Is there a second chance for salvation after death?

Q. A loved one passed on recently who was not a Christian. A relative who was very close to him was desperately trying to find some information on how, maybe, there could be a chance that he would not go to hell. We stumbled onto this concept of Hades as an “interim destination” for the dead, distinct from hell as a final destination, where people might have a second chance. We’d like to know your thoughts on this.

On this blog I’ve expressed some thoughts very similar to those in the post you found, which I read and in which I found much to agree with. For example, in my post entitled, “Will there be anyone in hell who doesn’t want to be there?” I summarize my position this way: “I guess you could say I believe in some kind of opportunity to respond to God’s offer of salvation even after death.” I’d invite you to read that post and I hope it will offer you some further encouragement. As I also say there, “based on what I understand God to be like, I can’t imagine God leaving sincerely repentant people in hell [or Hades]—that is, people who wish they had repented, based on what they now realize.”

Author: Christopher R Smith

The Rev. Dr. Christopher R. Smith is an an ordained minister, a writer, and a biblical scholar. He was active in parish and student ministry for twenty-five years. He was a consulting editor to the International Bible Society (now Biblica) for The Books of the Bible, an edition of the New International Version (NIV) that presents the biblical books according to their natural literary outlines, without chapters and verses. His Understanding the Books of the Bible study guide series is keyed to this format. He was also a consultant to Tyndale House for the Immerse Bible, an edition of the New Living Translation (NLT) that similarly presents the Scriptures in their natural literary forms, without chapters and verses or section headings. He has a B.A. from Harvard in English and American Literature and Language, a Master of Arts in Theological Studies from Gordon-Conwell, and a Ph.D. in the History of Christian Life and Thought, with a minor concentration in Bible, from Boston College, in the joint program with Andover Newton Theological School.

6 thoughts on “Is there a second chance for salvation after death?”

  1. I am afraid I will invite some negative reaction to my sharing my beliefs. I have no desire to offend. I am a member of the Church of Jesus Christ of Latter Day Saints (aka Mormon). We believe that the final judgement is at the end of the millennium. There is a time between death and the final judgement where the opportunity to repent and follow Jesus Christ is made available to all. In 1 Peter 4 we read of the gospel being preached to the dead. For what cause would the gospel be preached if the dead had no opportunity to repent? The Mormon church takes this scripture very seriously and much of our belief and doctrine regarding temples has to do with this very core belief. It is a source of great comfort to me that a loving God would extend such an opportunity for fairness and mercy to all of his children.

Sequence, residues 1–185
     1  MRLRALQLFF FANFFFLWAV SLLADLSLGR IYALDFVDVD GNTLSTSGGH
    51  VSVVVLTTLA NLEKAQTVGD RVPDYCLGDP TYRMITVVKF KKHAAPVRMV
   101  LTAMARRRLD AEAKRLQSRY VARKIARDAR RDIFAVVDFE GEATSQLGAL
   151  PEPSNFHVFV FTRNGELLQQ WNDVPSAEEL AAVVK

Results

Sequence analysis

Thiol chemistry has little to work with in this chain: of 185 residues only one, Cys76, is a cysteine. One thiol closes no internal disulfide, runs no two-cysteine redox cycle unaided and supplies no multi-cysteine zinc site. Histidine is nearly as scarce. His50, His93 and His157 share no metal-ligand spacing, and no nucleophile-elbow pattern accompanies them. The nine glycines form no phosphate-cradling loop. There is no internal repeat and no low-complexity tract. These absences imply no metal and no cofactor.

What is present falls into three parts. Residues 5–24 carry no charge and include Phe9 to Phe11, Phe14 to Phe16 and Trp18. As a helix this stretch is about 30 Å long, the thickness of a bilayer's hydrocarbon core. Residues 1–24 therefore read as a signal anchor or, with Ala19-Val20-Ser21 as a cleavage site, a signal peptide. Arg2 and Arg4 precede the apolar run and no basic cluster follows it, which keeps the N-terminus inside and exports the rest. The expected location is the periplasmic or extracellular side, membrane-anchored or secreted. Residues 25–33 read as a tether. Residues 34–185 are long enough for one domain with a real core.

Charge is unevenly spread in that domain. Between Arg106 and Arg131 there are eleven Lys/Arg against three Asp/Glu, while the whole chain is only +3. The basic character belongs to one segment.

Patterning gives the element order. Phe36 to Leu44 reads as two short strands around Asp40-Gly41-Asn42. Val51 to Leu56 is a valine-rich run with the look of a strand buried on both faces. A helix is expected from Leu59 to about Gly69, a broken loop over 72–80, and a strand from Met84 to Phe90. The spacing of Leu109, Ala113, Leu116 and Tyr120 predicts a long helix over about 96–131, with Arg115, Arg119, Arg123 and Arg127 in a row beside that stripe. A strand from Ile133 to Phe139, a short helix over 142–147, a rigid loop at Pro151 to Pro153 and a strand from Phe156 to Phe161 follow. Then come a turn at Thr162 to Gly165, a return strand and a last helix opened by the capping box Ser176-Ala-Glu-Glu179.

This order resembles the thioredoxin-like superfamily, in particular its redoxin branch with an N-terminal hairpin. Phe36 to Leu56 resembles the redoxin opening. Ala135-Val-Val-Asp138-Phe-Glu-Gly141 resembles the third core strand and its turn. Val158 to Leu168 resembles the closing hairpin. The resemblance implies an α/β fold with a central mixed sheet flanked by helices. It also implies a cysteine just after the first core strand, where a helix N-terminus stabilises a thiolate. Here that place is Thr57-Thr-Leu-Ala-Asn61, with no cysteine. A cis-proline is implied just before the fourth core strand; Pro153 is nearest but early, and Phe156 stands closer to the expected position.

2. It’s nice to believe God gives people a second chance after death, but I can point to two places in the Bible that show it isn’t true

    The first being where the person had died and begged to go back and warn his family. He was told that if they do not believe the prophets, they will not believe him.

    The other lace it speaks of how if a person has had knowledge of how to be saved and reject it, there is no forgiveness for them. Meaning after their death. Universalism is a lie. Because that is the implication in this article

    1. You can’t use parables that way. The afterlife wasn’t the point of that parable, the point was one day the tables will be turned: the poor would prosper. What is most unusual about that parable is that one of the characters has a name.

  3. When we understand what salvation is, we can understand judgment and afterlife better. We are saved from our sins, not the consequences of our sins. If I rob a package store on the way from work, I will go through the consequences of that action. I might even do it again. But if God saves me from the underlying sins that manifest themselves in stealing, I might never do it again, especially if I’m, with the Holy Spirit, “working out my salvation with fear and trembling.” Salvation is not resurrection or “going to Heaven”. Paul describes a process at the end of 1 Cor. 3:12-13 where the remaining sin is finally consumed because “our God is a consuming fire.” Calvin’s big mistake was saying that the “elect” are elected for heaven. If you look at the words predestined, foreordained, elected, it says that the elect are foreordained for obedience, so salvation is obedience. If that doesn’t sound appealing, it’s because being as holy as God is not so appealing to some, but being “safe” from a holy God is. Now what about unbelievers? Because Paul holds out hope for them, I can to: “I to have the same hope in God as these, that there will be a resurrection of the righteous and wicked” Acts 24:15. All will stand before the Great Throne and Paul includes himself and I’m sure Paul understood what salvation was. If the church would stop understanding “having sins washed away by the blood” like it was God waving a wand over a new believer instead of the believer being saved from his sins–that’s an important ‘s’–and with the Holy Spirit being cleansed of them, one by one, real change in believers’ lives would be undeniable. Finally: “You shall call his name Jesus because he will save his people from their sins”, not the consequences of their sins. God may very well allow the consequences as a “fire” to cleanse the sin.

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